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The banana is in danger. Nuclear tech can save it

A staple across the world, the fruit is under threat from one of the world's deadliest banana diseases.

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  • Bananas provide jobs and nutrition for more than 400 million people globally.
  • But a quarter of the industry is threatened by a banana disease called fusarium, or Panama wilt.
  • Using technologies related to nuclear technology, scientists are helping to breed disease-resistant bananas in Latin America.

Bananas provide jobs and nutrition for more than 400 million people globally. But the fruit is under threat from one of the world’s most devastating banana diseases.

Fusarium, or Panama wilt, is a type of fungus that is carried in the soil and attacks plants – and it has now taken hold in Latin America, having already devastated banana crops elsewhere in the world.

Of the 155 million metric tons of bananas produced every year, a quarter is threatened by fusarium wilt, according to the International Atomic Energy Agency (IAEA).

Nuclear rescue for bananas

Now the IAEA is helping scientists from six Latin American countries detect and contain the disease – using nuclear and related techniques.

Irradiation – exposing an object to radiation – is widely used in the food industry to safely destroy disease-causing bacteria and control pests without significantly affecting the food’s taste or smell.

To fight the banana disease, irradiation techniques are being used to help develop new disease-resistant crop varieties for farmers, in a process called mutation breeding.

In February, the IAEA trained 12 scientists from Brazil, Colombia, Costa Rica, Ecuador, Peru and Venezuela in mutation breeding. The training also covered tissue culture, developing mutant populations and how to screen crops for disease resistance.

Breeding new bananas

The latest variant of the fusarium wilt disease, called Tropical Race 4 (TR4), can “survive for decades in the soil, making it difficult to control,” the IAEA says. The focus on mutation breeding reflects that developing and deploying “new banana varieties with effective disease resistance” is the only long-term response to the disease.

The IAEA will be supporting the affected countries over the next five years in disease detection, surveillance, and containment with the help of nuclear and related technologies.

Disease devastation

About 25 million tonnes of bananas a year are exported from tropical countries in Latin America, the Caribbean and other parts of the world.

The TR4 variant of fusarium was confined to Southeast Asia for decades, but was first discovered in Latin America in 2019, the IAEA explains. This caused a national emergency in Colombia, which is the world’s fifth biggest exporter of bananas.

In 2014, the United Nations Food and Agriculture Organization (FAO) and its partners said $47 million was needed to tackle the TR4 strain of fusarium wilt disease after it devastated banana crops in parts of Asia.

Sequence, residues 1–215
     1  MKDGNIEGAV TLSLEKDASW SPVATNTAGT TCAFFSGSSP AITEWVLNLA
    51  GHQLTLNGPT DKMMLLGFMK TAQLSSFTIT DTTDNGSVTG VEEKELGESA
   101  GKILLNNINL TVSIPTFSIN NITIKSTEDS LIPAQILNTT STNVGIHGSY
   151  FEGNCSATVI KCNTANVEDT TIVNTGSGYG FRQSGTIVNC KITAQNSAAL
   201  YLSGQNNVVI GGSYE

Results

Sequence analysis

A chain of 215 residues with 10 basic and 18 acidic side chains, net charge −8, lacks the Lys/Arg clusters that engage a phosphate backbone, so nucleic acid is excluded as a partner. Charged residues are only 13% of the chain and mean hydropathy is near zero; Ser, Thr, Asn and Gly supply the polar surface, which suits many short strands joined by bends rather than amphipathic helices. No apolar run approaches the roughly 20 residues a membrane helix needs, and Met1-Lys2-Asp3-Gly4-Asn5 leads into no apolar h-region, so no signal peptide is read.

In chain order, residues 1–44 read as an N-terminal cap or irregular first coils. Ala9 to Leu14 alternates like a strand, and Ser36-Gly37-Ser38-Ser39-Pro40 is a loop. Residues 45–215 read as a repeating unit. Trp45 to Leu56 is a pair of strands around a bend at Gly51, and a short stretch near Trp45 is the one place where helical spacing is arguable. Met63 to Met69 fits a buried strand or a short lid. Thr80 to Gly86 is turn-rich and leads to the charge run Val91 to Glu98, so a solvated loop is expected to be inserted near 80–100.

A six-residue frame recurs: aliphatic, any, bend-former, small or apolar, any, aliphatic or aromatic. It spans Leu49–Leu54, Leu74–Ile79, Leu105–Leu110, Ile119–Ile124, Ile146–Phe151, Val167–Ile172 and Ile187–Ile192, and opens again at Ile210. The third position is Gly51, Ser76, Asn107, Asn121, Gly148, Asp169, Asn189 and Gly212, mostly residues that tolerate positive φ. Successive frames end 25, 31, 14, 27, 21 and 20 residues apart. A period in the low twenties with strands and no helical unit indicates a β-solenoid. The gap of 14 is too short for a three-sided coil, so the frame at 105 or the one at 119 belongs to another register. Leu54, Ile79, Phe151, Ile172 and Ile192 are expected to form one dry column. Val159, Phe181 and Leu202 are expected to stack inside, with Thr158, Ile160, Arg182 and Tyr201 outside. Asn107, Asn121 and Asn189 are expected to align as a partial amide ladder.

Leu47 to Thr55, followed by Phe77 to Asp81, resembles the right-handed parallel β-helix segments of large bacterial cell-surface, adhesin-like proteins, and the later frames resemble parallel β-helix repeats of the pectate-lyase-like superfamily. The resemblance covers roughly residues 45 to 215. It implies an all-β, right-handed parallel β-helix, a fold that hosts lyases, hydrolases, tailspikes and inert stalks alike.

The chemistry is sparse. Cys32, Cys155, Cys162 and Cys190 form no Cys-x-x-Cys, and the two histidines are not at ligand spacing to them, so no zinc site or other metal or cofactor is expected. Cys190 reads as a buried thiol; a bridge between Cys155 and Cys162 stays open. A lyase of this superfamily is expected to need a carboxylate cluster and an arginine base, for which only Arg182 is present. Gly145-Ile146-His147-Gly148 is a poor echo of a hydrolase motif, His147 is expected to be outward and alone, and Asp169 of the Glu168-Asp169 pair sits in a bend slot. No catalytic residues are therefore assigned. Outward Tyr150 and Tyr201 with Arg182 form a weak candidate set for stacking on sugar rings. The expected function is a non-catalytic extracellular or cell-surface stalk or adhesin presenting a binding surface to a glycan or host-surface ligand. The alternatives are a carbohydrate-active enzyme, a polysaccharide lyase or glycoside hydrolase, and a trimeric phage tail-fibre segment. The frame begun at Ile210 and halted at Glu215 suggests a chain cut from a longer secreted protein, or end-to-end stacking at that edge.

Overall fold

Indonesia had to stop banana exports of more than 100,000 tonnes a year, which led to annual losses of some $134 million alone on Sumatra, Indonesia’s third biggest island.

At the time, 40,000 hectares of banana crops in China and more than 6,000 hectares in the Philippines were affected by the disease.

Bananas are a vital crop

Bananas are the world’s most consumed and exported fruit and producing them is an industry worth $8 billion per year, the FAO says. For smallholder farmers, banana farming can account for up to 75% of monthly household income. In some developing countries, especially in rural areas, bananas can also provide up to a quarter of the daily calorie intake.

To improve food security and sustainable agriculture globally, the IAEA and FAO run a joint centre to advance and support the safe use of nuclear and related techniques and technologies in food and agriculture. The partners have worked on banana research and support for more than 20 years. The FAO is a specialist UN agency which works to eliminate hunger, food insecurity and malnutrition.

The power of nuclear technologies

The IAEA is an international organization that promotes the safe and peaceful use of nuclear technologies. Its programmes include NUTEC Plastics, a project to help tackle plastic pollution by using irradiation to recycle plastic waste into reusable resources. Monitoring marine environments for plastic pollution using a nuclear technique called isotopic tracing is another part of this programme.

The IAEA is also working with the World Health Organization to strengthen radiation treatment for cancer, a disease which killed 10 million people in 2020, and through the Zoonotic Disease Integrated Action (ZODIAC) initiative, is helping countries prevent pandemics caused by bacteria, parasites, fungi or viruses that originate in animals and can be transmitted to humans.

The article previously appeared in World Economic Forum.

Also read: Not just sugar and lack of exercise, but salt and dehydration are behind obesity epidemic


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